What sets Camus and Dostoevsky apart, however, is that while Camus is happy to live with the conclusion of absurdity of life, Dostoevsky goes a step further, and looks to God as a refuge in the face of meaninglessness of life. For Dostoevsky, the reality of pain and drudgery brings God closer rather than eclipse Him. In his own words, “The darker the night, the brighter the stars, the deeper the grief, the closer is God.” For Camus, Dostoevsky’s effort mitigates the fact of absurdity, because invoking God means revoking absurdity. For Dostoevsky denying God raises more problems than it solves. In the absence of a meaning-giver, humans would assume the position of God by becoming their own meaning-givers. To Dostoevsky, since “If God does not exist, everything is permitted”, this would ensue moral chaos and would break all hell loose. After all, if there is no God, and therefore no giver of morality, why should one act heroically to save others, like Ottway, at the risk of their own lives, all the more when the easy choice is to prosper at the risk of others?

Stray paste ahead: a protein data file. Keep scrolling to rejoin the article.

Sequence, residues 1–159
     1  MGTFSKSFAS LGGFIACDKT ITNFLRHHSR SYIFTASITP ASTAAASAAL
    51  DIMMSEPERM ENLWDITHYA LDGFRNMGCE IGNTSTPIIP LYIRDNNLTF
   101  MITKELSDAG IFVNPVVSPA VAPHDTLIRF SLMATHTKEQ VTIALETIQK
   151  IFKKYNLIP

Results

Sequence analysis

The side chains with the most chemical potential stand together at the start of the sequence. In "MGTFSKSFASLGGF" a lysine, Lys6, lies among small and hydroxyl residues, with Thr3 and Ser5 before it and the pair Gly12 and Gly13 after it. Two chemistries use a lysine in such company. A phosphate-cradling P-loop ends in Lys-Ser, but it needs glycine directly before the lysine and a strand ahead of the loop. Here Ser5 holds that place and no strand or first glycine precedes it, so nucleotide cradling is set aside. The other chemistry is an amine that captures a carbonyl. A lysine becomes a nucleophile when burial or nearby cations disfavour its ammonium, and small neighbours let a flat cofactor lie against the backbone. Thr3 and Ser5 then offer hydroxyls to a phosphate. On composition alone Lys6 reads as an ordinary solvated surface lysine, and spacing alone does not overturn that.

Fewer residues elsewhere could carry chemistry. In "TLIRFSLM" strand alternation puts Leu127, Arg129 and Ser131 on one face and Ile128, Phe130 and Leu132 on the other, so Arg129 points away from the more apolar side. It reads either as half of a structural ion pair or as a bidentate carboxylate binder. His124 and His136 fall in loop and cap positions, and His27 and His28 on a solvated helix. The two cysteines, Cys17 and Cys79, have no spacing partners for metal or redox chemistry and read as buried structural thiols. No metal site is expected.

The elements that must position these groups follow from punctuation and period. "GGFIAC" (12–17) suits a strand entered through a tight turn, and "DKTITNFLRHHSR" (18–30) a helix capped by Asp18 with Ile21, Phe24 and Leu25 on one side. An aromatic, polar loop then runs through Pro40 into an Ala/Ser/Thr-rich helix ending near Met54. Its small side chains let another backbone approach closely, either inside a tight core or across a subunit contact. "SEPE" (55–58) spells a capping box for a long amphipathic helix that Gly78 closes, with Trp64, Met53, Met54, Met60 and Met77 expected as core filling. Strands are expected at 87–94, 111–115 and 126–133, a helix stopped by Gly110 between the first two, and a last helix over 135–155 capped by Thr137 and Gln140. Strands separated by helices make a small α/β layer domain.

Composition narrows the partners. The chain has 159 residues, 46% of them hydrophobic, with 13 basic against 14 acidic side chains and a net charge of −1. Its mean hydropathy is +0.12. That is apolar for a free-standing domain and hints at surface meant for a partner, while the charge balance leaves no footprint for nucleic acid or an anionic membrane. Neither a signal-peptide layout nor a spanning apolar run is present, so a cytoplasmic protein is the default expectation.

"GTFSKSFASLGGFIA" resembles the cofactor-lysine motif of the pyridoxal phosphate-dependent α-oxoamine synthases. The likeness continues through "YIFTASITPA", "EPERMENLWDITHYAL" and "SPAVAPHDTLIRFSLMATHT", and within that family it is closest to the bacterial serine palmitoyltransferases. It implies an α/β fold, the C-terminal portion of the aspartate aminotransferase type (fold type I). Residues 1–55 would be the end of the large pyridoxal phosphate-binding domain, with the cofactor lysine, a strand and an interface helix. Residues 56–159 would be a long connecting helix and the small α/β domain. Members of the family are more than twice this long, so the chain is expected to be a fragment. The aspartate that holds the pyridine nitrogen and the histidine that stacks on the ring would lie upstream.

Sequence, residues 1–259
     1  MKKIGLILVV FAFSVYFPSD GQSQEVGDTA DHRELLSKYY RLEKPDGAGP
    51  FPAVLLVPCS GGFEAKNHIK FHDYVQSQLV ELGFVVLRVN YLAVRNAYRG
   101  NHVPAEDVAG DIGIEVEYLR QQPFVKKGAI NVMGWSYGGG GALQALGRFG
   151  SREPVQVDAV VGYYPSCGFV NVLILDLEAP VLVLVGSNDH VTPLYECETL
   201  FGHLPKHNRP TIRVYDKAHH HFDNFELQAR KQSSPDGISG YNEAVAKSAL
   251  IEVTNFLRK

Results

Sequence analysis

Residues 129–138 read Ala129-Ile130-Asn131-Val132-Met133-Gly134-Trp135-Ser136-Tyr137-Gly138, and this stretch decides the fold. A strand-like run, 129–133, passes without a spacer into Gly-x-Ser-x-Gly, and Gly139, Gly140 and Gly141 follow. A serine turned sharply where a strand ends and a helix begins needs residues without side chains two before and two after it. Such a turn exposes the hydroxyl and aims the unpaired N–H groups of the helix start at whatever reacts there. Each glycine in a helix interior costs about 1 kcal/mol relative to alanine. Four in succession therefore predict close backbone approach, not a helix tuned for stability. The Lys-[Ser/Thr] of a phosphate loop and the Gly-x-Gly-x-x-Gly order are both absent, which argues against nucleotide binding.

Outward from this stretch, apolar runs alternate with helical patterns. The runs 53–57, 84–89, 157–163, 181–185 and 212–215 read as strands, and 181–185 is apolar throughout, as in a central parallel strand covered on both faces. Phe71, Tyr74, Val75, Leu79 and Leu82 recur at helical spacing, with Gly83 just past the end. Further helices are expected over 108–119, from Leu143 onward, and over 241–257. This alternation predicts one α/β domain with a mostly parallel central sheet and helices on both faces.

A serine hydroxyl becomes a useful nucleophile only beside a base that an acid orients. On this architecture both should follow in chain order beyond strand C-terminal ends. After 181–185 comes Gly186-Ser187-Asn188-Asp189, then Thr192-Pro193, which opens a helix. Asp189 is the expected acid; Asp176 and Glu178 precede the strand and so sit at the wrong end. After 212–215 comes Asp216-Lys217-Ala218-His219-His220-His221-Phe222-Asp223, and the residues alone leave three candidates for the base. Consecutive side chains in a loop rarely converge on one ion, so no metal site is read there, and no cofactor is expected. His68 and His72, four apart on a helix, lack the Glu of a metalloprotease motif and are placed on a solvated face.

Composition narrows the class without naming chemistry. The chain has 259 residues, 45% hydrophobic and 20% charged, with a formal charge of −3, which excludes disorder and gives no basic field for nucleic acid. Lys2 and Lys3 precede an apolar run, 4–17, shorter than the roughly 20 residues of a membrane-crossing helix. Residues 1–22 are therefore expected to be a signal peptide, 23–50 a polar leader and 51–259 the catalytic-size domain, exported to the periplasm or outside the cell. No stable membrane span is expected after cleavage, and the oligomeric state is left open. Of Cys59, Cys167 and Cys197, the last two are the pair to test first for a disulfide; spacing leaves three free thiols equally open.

The question of meaning of life has become hauntingly relevant to us this year. Cornered by the pandemic, with excessive constrains on our social life under lockdown, or perhaps even facing the loss of our loved ones, we are forced to ponder on the question: is there a meaning to life? Our own experience of the pandemic has made us see, like Camus and Dostoevsky would say, that finding meaning in life is not a mere rational or logical exercise. And yet, both Camus and Dostoevsky offer very different visions of a meaningful life.
In addition to what Dostoevsky says, for a Christian, the question of the meaning of life is also contingent upon her conception of God as one who ascribes value to the universe and to human life. Both human life and universe have meaning precisely because they are made by a personal God. In this sense, theirs is a ‘borrowed meaning’. The very question of finding meaning during pain and suffering becomes irrelevant and insignificant not just without the existence of a God, but without a personal God, who can relate to us, just as we relate with Ottway of The Grey. Thinking of God as a being who dispenses our struggles as illusory or as His sport, however exuberant, pushes the question of the meaning of life one step further away, but hardly resolves it. As we welcome the new year, ironically, we will once again get busy planning for the coming year, while perhaps also convincing ourselves that life has no meaning. It may not be a matter of chance that we celebrate Christmas just a week before New Year, thereby reminding ourselves that life has been given its meaning by a personal God who has chosen not to distance himself from our grief, but by being born as a fellow human, confronted the absurdity of life with the promise of abundant life.